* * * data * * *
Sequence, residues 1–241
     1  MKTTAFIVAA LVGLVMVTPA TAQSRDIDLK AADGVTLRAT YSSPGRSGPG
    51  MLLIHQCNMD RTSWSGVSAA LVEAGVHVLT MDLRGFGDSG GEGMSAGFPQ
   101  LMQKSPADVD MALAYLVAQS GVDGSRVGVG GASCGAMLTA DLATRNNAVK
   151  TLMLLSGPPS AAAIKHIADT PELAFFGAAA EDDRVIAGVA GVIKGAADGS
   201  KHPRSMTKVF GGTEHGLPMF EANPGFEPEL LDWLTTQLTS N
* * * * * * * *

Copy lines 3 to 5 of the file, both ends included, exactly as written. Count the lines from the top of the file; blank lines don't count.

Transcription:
    51  MLLIHQCNMD RTSWSGVSAA LVEAGVHVLT MDLRGFGDSG GEGMSAGFPQ
   101  LMQKSPADVD MALAYLVAQS GVDGSRVGVG GASCGAMLTA DLATRNNAVK
   151  TLMLLSGPPS AAAIKHIADT PELAFFGAAA EDDRVIAGVA GVIKGAADGS